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Editorial

August 9, 2018

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More of the same?

For all the hoopla about economic mismanagement by the previous government, the PTI – the party most likely to form the next government – remains short on details regarding its possible economic plan for the country. The little detail we do have suggests that the PTI seems to be promising to implement the same set of policies – only better. The expected nominee for finance minister, Asad Umar, has promised ‘quick decisions’ and ‘quick measures’ to strengthen the economy. He has also pointed out how the PML-N had failed to privatise any state-owned organisations or resolved any other major crisis. The PTI leader has also suggested that decisions regarding exchange rate and monetary policy should remain the purview of the State Bank of Pakistan, seemingly to separate politics from economics.

Umar has promised a new FBR chairperson who will be willing to take on the task of reform as well as autonomy to the Pakistan Bureau of Statistics. The PBS remains key to data manipulation about the economy and it would be interesting to see if the PTI goes down that route. So far, the narrative is hard to tease apart from the one promised by the PML-N’s chosen finance ministers, whether it be Ishaq Dar or Miftah Ismail. If the PTI is promising the same set of policies as the PML-N, can we expect the country’s economic fundamentals to change?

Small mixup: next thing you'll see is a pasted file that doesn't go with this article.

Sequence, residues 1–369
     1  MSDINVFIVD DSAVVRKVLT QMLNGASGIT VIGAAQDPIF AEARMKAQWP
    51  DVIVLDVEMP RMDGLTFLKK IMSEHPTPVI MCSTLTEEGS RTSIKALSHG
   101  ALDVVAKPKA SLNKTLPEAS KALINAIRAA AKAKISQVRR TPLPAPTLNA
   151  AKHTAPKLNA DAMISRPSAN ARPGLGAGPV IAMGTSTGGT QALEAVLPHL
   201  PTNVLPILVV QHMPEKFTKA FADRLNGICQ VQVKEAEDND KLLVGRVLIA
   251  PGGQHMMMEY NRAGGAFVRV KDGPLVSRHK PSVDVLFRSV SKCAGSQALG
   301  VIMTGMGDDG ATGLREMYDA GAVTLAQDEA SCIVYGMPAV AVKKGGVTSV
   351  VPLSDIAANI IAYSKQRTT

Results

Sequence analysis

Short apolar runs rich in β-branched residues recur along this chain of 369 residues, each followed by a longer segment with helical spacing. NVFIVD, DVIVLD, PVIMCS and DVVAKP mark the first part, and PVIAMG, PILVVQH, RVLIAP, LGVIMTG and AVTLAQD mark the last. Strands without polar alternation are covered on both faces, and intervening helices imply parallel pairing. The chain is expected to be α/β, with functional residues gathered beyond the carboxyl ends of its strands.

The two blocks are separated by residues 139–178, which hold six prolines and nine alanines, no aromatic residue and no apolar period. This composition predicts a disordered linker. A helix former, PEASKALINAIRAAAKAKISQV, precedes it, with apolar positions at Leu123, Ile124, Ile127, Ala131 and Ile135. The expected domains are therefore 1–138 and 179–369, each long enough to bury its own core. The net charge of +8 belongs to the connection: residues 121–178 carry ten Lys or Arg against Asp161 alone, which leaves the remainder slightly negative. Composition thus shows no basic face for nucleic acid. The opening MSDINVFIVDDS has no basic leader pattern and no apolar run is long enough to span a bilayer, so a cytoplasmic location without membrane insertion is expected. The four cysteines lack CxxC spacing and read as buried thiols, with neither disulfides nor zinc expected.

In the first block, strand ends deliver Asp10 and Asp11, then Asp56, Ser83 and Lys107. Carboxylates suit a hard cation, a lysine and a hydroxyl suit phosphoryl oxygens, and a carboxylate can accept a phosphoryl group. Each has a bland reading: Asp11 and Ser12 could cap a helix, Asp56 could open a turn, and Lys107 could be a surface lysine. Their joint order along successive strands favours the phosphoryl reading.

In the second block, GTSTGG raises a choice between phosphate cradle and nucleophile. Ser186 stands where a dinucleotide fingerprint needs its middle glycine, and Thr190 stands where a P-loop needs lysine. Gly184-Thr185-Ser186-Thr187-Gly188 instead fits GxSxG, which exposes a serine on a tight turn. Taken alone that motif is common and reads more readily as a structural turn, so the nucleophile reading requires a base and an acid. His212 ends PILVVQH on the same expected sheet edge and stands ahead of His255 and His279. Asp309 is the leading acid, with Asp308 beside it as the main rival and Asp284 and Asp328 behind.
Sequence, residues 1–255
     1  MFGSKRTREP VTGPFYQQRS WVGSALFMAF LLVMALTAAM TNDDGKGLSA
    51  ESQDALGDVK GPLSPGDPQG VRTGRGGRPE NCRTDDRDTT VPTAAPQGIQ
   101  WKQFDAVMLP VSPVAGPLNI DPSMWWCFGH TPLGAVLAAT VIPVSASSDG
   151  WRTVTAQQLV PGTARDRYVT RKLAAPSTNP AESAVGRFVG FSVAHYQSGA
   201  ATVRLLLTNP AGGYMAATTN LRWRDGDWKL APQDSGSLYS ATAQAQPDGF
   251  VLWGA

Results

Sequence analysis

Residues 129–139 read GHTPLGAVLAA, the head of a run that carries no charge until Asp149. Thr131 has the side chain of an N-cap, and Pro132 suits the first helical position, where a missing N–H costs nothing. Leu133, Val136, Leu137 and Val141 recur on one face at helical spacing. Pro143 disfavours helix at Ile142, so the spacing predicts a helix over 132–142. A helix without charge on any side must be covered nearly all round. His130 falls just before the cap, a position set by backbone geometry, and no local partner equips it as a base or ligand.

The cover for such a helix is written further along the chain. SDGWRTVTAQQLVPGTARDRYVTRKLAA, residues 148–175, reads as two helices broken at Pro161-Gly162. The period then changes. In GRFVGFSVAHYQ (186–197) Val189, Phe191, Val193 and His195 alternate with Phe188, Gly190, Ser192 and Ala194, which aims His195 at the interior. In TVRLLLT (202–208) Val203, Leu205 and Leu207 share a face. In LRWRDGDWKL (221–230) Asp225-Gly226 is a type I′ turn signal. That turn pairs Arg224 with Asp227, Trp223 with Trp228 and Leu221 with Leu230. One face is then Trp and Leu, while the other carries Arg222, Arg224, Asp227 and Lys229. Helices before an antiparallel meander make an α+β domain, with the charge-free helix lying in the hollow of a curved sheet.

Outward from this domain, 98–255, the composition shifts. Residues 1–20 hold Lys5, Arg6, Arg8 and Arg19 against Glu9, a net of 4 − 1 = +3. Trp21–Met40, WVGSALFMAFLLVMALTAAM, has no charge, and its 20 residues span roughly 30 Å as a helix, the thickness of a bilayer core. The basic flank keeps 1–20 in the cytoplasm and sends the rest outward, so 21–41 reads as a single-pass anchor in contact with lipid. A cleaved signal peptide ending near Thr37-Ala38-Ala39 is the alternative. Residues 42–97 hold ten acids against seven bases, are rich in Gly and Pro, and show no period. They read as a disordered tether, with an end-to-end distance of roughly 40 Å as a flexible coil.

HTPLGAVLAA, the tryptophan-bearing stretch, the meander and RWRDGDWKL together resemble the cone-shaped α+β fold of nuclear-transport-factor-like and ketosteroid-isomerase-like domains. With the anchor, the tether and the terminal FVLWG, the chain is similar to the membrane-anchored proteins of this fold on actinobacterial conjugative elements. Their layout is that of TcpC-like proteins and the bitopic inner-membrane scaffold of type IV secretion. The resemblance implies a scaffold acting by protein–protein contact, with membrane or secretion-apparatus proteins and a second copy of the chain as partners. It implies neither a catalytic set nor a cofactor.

The lack of imagination on what to do with the economy is not a surprise. Since the 1990s, all major political parties have touted the same economic agenda that can be traced to the end of the cold war. The IMF and the World Bank promoted the economic ideology of neoliberalism, which involved the roll back of the state sector and the creation of ‘autonomous’ regulators. Much like the IMF, which has told country after country that their economic failure exists because they have not implemented policies correctly, the PTI seems stuck in the same narrative. It seems the party’s promising to implement the neoliberal economic agenda better than the PML-N. It would be good instead if the PTI looks genuinely towards China, as PTI Chairman Imran Khan has promised and the revolutionary poet Habib Jalil once provoked, to understand how that country became an economic power house.

China’s economic success rests on a state-centred approach to economic development, which has involved restricting imports for decades to strengthen the country’s industrial production. No industrial policy in Pakistan can work as long as cheap global imports continue to flood the marketplace. Perhaps the PTI will break the mould and prove that neoliberal economic policies actually work. Perhaps the PTI itself will not really have a choice. The party has already not ruled out going to the IMF for another bailout, with Umar admitting that Pakistan needs to find $12 billion. The decision on the mix of IMF and Chinese funding and bond issues will be made within six weeks. The path the PTI chooses will determine whether it will be able to keep up the dream of autonomous economic policymaking. For now, we have more of the same poverty of imagination.

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